The Fed is calling the reduction of its balance sheet, which is the reversal of Quantitative Easing (QE), policy normalization. In June, the Fed released a statement to clarify the plan to allow assets to roll-off the balance sheet, which was increased to over $4 Trillion during QE.[2] The program begins this month, with a plan to allow $10 Billion in assets consisting of Treasuries ($6B) and agency debt and mortgage-backed securities ($4B) to mature without reinvesting the proceeds. The Fed will gradually increase this amount to $50 Billion per month over the next 12 months. At a rate of $50 Billion per month, it would take 40 months to reduce the balance to $2 Trillion, a common expectation of the Fed’s end goal.

This is a glacial pace that hopefully allows the market to absorb the loss of the Fed as a continual purchaser of these securities.  In the press release, the Fed also reserves the right to change the pace and even resume reinvestment if a “material deterioration in the economic outlook were to warrant” such a change. Given this timeline, it is unlikely the Fed will return to a normal size balance sheet before the next economic downturn. However, investors should likely applaud them for their “success” thus far in managing monetary policy in such dramatically unchartered territory.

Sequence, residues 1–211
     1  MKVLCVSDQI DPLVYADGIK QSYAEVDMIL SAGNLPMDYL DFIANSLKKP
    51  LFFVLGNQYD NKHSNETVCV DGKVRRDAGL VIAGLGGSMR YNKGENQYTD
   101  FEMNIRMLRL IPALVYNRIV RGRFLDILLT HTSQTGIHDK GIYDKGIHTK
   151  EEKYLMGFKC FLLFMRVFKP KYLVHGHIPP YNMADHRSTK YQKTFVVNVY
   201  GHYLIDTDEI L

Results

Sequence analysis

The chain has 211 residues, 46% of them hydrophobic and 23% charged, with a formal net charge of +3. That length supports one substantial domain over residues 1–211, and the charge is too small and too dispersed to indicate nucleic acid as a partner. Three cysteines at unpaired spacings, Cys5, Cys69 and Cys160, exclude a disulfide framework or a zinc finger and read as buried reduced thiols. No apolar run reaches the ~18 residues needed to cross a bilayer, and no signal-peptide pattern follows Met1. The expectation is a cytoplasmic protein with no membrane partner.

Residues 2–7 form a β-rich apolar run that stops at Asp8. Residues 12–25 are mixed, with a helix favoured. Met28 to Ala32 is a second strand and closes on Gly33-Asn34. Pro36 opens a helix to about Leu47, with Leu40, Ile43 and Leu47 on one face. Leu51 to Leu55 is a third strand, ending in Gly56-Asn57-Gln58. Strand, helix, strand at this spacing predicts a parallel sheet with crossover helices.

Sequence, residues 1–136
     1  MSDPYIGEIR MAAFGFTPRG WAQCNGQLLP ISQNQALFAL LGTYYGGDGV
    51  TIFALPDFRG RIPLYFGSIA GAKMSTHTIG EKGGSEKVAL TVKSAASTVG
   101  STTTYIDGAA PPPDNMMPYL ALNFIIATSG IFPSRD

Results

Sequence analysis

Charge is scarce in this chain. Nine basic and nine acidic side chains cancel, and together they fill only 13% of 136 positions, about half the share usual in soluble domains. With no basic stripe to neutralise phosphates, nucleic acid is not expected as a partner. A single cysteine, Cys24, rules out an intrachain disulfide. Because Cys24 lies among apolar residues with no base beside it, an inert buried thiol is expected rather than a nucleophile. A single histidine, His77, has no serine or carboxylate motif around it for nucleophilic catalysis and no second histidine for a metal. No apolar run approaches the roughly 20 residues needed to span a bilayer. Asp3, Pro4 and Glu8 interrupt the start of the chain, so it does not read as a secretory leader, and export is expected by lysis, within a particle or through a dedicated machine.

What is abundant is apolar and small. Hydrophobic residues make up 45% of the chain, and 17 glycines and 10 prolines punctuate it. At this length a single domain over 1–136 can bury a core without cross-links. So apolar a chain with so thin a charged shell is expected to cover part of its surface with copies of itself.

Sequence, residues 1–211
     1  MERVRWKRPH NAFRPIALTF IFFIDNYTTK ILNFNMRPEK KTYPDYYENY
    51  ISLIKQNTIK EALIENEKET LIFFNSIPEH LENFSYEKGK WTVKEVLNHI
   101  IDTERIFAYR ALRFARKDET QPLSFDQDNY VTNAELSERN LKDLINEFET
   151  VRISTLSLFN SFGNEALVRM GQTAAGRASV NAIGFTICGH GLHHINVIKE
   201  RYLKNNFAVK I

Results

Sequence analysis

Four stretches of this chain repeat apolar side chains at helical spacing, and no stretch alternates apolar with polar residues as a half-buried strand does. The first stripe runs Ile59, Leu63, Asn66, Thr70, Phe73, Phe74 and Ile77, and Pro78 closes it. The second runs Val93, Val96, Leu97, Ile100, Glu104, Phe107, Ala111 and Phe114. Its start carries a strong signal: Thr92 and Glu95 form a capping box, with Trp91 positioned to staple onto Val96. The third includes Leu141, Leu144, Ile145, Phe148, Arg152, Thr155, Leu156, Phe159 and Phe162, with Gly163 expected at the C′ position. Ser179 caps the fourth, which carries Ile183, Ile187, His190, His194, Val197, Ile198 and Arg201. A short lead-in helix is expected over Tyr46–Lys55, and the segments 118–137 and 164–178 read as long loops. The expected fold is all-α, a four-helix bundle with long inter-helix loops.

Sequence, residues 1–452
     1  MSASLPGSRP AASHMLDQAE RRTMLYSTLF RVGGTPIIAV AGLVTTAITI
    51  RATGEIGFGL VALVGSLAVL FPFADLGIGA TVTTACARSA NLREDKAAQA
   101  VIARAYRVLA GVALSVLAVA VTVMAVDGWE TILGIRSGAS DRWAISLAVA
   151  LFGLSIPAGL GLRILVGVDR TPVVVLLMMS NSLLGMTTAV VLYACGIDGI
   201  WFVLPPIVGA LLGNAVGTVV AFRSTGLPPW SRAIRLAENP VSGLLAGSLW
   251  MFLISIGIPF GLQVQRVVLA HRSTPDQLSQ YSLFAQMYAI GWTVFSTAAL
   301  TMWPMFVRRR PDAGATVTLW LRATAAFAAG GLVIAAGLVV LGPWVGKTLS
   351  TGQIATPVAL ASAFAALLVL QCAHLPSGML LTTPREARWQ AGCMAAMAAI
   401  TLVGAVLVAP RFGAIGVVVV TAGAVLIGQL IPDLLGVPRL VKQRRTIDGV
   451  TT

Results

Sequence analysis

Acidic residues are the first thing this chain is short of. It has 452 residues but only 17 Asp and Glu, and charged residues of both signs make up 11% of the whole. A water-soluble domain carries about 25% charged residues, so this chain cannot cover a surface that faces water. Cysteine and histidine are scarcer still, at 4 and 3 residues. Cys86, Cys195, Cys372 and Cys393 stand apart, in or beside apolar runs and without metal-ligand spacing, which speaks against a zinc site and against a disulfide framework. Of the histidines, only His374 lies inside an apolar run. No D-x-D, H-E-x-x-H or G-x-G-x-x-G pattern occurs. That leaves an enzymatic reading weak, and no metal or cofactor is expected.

Valuations and Spreads

 It’s no secret that U.S. stocks are trading at relatively high valuations compared to historical averages. The forward Price/Earnings (P/E) ratio for U.S. stocks is 17.9 versus a 15-year average of 15.0. Shiller’s P/E, a longer term look at earnings, is currently 30.7 versus a 25-year average of 26.3. While both of these measures make U.S. stocks look rich, growth of earnings, the denominator of this metric, would mean that stocks are not overvalued. However, international and emerging market stocks are priced lower. International stocks trade at 14.8 times future earnings, and emerging market stocks at 12.5 times.[3] It’s possible the outperformance of international markets has the runway to persist.

Bond valuations are less talked about than stocks. As the Fed continues to raise rates on the short-end and reduce asset purchases for its balance sheet, bond investors face headwinds. Credit spreads across every asset class of fixed income have narrowed considerably year to date. A credit spread is the difference between the current yield of a bond versus the yield of a comparable Treasury bond. High yield, investment grade corporates, agency mortgage-backed securities, agency bonds, and non-agency CMBS are all trading at 52-week lows for their spreads above Treasuries.[4] Rising rates and tight credit spreads leave little room for bond markets to absorb a shock and may lead to a market correction in the short-term.